I’m still digesting what to make of the new administration with respect to science and technology policy.  I hope to post on that later in the week.

Science and Technology Guests on Late Night, Week of January 16

The week starts off with two repeats of note tonight (Monday).  Amy Adams, who plays a linguist in the recent film Arrival, is on tonight’s Jimmy Kimmel Live repeat (it originally aired last week).  If you missed the MythBusters build team (Kari Byron, Tori Belleci, and Grant Imahara) on Last Call last month, it’s on again late tonight.  The first season of their new program, White Rabbit Project, is available on Netflix.

As happens occasionally, cast members who play scientists on The Big Bang Theory make the rounds.  This week Johnny Galecki can be seen Thursday night on The Late Show, and his co-star Jim Parsons will be on Late Night.  Parsons can also be seen in Hidden Figures, the film about NASA mathematicians in the early space race.

On Tuesday, Lyft co-founder John Zimmer will be a guest on The Daily Show (which is airing a rare Friday episode in connection with the Inauguration).  Michael Lewis will sit down with Conan O’Brien that same night, likely to discuss his latest book, The Undoing Project, which chronicles a scientific collaboration on decision-making research.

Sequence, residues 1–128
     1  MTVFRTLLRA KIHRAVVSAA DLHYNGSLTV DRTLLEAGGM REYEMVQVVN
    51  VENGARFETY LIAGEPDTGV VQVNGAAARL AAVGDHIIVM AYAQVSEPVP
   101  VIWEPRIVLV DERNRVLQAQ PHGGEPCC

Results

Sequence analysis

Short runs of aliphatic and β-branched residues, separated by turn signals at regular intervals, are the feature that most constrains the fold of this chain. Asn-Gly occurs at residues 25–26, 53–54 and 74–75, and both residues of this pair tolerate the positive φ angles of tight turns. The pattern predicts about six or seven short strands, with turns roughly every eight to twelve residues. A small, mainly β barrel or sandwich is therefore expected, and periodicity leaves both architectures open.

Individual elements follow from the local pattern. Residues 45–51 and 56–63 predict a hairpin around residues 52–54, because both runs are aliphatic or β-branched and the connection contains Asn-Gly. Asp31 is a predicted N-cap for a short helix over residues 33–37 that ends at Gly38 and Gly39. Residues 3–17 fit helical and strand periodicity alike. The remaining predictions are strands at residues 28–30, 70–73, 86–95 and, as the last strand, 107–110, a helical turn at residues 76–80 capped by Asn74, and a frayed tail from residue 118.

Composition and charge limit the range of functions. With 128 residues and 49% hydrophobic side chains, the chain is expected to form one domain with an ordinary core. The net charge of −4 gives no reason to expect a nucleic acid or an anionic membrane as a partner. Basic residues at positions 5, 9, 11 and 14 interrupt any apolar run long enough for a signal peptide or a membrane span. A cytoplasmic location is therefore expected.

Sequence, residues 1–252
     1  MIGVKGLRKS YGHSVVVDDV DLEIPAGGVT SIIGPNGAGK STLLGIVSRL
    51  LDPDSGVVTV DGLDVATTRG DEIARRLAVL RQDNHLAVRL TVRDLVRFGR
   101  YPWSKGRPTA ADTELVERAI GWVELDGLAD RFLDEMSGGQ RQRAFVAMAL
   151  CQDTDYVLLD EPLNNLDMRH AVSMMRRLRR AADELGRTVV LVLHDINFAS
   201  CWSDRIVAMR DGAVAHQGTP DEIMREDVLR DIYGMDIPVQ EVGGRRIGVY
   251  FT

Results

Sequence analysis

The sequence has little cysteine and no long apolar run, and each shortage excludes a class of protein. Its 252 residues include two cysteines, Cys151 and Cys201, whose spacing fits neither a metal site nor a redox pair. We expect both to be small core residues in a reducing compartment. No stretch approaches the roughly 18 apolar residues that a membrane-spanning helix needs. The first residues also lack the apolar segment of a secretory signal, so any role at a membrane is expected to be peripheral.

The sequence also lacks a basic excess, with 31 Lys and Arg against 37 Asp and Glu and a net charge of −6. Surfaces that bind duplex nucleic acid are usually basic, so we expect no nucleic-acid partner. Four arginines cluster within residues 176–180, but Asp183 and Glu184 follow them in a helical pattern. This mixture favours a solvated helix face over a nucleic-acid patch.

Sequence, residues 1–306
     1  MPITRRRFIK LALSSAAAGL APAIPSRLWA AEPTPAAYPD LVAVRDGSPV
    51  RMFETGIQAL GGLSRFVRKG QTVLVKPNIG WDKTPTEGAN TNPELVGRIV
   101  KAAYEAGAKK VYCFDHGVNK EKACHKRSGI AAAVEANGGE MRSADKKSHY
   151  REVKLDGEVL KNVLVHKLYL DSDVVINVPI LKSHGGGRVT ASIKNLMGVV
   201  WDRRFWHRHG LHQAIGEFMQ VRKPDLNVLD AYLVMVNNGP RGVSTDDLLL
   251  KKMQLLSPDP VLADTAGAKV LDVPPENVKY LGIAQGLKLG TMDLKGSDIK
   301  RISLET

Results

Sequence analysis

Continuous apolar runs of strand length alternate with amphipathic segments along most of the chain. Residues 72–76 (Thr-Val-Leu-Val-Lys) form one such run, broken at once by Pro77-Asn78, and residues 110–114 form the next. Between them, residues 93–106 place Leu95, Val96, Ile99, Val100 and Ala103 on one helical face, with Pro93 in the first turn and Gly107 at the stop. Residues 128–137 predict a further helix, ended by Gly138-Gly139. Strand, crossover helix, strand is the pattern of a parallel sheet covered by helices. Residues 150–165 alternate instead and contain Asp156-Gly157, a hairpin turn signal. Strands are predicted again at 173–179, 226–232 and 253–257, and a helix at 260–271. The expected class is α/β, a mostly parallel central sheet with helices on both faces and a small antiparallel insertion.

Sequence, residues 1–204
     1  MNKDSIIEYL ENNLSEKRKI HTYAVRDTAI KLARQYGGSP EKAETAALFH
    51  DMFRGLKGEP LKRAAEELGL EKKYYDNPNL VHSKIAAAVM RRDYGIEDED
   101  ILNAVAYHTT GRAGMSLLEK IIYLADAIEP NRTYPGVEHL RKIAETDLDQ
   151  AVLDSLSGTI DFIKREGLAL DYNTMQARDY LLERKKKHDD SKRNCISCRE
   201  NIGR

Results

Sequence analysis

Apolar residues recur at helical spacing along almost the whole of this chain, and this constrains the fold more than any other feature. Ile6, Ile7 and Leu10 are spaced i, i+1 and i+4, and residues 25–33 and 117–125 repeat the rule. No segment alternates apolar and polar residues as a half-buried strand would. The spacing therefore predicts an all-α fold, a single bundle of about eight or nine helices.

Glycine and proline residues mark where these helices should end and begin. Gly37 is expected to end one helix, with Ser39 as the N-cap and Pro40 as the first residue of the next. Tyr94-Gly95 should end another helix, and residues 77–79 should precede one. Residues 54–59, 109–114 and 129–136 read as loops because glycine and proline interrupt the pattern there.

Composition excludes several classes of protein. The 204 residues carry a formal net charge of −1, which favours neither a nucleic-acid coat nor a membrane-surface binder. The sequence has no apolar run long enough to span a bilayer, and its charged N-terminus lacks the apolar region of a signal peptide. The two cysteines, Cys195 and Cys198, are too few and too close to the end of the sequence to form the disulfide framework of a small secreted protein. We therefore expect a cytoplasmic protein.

Science and Technology Guests on Late Night, Week of January 9

All shows are back on in new episodes this week.  The pickings are relatively slim, unfortunately.

Hidden Figures, which just took first place in the U.S. box office this weekend, dominates the listings.  A repeat of Kevin Costner’s appearance with Jimmy Kimmel (he plays a senior NASA official in the film) is on again Friday.  Apologies for overlooking this in last week’s post.  Also visiting Mr. Kimmel from the film is Octavia Spencer.  She’ll be by on Thursday.  Arrival star Amy Adams visits the show on Tuesday.

Tonight (Monday) is yet another new episode of Star Talk.  The main guest is astronomer Jill Tarter and the topic of discussion is aliens.  Also tonight on The Daily Show you can watch Trevor Noah interview new editor-in-chief of National Geographic Susan Goldberg.